William Brown joined PRIDE Industries’ Fort Rucker, AL team in April 2013 as a Maintenance Trades Helper. He is currently assigned to the Electrical Shop where he is responsible for performing preventive maintenance on approximately 120 generators each month. Will is described as a hard worker by his supervisor, Charlie Cotton. “He is efficient and gets his work done on time.” Larry Maio, Manager for CB&I – a subcontractor to PRIDE – added: “He’s right on with identifying a problem with a generator and notifies me right away.”
William was not always sure that he would be able to do such great work in the electrical shop. As he grew up, people always told him that he could not do certain things because he was deaf. But the comments cut both ways; they also gave him the drive to work harder at everything he did. When he first started training on generators, Will wondered if he would ever be able to work on them independently. “I may be unable to hear the generator if it’s running. How do I contact my supervisor if there is a problem with one of the generators?” William wondered.
William wears Cochlear implants. The implants provide him with a useful representation of sound and help him to better understand speech. However, hearing the running generators were still a hearing challenge. The solution was simple: William safely touches the generator to ensure that it is not running before he begins performing preventive maintenance. PRIDE also provided William with a cellphone that has Purple3 (P3) capabilities. With P3, Will is able to call his supervisor as a live interpreter on the phone line translates the conversation.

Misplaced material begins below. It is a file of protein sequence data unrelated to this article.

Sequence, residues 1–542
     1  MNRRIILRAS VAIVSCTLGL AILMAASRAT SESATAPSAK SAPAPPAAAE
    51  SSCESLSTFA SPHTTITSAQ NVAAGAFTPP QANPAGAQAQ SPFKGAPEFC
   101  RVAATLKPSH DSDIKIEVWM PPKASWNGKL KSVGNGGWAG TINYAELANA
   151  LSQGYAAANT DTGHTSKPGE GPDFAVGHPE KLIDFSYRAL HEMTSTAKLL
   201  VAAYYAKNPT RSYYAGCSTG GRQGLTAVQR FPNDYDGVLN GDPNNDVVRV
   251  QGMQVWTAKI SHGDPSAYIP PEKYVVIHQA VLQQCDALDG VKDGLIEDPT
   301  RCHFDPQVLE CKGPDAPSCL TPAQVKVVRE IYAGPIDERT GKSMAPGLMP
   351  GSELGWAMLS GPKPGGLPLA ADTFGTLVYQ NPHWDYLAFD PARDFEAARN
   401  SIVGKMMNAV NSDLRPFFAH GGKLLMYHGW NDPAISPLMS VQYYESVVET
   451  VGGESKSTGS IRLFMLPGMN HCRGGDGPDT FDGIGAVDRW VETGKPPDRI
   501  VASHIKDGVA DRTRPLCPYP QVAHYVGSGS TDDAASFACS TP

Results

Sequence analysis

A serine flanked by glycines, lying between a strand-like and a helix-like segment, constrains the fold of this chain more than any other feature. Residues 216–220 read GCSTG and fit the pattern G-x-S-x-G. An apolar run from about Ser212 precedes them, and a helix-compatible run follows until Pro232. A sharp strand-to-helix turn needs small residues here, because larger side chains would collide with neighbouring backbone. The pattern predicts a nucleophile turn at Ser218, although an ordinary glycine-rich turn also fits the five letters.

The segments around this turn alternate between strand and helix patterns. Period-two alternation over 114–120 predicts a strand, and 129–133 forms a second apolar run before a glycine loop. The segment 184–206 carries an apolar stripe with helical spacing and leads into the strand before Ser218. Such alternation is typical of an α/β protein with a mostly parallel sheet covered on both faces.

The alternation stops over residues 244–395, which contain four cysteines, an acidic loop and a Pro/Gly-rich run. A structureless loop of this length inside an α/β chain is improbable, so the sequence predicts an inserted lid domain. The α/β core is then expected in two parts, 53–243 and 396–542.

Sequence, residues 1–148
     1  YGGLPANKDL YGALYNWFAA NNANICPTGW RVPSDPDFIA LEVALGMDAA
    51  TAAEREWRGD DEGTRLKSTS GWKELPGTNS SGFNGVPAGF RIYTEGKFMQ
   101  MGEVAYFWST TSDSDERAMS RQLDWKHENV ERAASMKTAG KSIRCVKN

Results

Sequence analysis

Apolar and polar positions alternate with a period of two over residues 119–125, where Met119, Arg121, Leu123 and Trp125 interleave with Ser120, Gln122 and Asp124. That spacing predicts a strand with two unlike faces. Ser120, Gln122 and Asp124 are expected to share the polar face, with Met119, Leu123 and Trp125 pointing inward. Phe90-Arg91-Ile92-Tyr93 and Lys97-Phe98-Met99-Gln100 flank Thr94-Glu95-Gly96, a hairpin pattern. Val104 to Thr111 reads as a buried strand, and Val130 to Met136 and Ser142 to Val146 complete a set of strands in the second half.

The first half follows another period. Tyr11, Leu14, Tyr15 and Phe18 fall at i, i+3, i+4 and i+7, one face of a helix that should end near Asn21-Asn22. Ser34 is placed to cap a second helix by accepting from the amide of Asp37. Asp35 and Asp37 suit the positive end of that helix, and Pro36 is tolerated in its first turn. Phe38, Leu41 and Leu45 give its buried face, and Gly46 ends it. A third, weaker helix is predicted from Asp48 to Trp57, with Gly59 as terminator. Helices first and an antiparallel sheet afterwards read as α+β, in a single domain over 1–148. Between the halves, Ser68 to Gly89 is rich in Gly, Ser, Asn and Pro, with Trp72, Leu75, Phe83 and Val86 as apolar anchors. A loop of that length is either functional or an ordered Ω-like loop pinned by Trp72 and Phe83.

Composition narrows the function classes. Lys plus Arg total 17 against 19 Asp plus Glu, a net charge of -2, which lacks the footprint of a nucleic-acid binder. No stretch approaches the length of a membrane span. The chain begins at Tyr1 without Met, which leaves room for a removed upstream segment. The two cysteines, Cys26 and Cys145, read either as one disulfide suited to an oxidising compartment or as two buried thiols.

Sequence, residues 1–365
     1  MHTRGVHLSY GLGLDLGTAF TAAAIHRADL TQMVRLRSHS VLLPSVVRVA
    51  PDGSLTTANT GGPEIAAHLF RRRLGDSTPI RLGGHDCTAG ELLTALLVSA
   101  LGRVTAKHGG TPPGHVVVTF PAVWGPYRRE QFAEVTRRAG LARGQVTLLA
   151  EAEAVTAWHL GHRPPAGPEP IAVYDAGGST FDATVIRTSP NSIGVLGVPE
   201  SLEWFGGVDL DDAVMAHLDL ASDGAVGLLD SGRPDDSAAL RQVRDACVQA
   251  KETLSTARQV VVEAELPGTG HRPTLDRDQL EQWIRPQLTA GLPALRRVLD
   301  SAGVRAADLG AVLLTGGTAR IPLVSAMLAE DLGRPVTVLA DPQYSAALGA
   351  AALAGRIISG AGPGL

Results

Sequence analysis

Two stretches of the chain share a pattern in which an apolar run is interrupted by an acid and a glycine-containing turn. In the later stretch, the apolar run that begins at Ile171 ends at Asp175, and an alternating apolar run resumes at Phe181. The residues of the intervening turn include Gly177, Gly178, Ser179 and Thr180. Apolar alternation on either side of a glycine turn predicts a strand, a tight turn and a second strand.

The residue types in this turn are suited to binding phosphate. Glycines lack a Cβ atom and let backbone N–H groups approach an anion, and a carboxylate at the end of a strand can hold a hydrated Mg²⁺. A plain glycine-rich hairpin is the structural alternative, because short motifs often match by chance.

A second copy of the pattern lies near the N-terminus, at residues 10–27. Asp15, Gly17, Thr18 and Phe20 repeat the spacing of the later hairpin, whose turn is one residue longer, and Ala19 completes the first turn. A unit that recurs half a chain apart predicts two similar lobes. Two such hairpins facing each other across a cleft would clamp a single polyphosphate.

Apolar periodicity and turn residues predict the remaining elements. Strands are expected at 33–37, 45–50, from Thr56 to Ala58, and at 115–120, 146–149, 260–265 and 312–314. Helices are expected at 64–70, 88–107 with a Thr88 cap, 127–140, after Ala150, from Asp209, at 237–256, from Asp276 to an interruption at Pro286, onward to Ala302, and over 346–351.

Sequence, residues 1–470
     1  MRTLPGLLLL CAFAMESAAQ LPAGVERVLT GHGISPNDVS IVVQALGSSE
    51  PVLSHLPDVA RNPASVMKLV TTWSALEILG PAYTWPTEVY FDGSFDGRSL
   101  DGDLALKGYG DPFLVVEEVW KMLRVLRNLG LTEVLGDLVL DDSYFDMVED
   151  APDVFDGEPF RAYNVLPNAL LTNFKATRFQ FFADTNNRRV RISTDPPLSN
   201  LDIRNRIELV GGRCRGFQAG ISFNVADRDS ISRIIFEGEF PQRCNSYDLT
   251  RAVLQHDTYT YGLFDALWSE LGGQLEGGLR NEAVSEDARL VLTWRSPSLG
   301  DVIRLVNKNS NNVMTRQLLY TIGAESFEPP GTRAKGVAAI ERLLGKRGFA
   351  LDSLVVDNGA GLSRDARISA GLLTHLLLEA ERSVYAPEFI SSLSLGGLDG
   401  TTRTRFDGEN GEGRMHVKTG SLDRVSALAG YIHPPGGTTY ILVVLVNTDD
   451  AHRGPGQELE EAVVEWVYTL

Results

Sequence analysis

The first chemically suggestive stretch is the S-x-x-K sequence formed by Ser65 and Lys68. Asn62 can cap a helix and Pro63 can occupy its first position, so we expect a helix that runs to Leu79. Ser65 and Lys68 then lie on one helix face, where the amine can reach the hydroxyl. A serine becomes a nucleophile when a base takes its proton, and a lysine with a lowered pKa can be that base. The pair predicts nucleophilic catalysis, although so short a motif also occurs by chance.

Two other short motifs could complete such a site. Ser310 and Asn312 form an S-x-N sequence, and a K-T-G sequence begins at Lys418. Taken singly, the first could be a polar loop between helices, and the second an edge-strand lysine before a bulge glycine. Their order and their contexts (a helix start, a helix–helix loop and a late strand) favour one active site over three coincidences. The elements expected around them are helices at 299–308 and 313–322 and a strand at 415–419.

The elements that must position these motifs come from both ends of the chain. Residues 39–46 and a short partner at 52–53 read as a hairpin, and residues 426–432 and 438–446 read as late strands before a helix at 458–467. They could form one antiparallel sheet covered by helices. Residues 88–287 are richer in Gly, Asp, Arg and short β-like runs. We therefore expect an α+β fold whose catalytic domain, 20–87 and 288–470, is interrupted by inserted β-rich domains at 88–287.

With a little ingenuity, some simple accommodations, patience, dedication, and hard work, William overcame his fears and is now self-reliant in a field he excels at. In fact, he was recently promoted to General Maintenance Worker.
“I feel good because I can show people that being deaf doesn’t stop you from being successful,” says William. “PRIDE has given me a lot of opportunities and a lot of support to help me be successful in my career.”
“William Brown is a prime example that a person’s disability does not define their ability,” says Rehabilitation Counselor Stephany Marshall.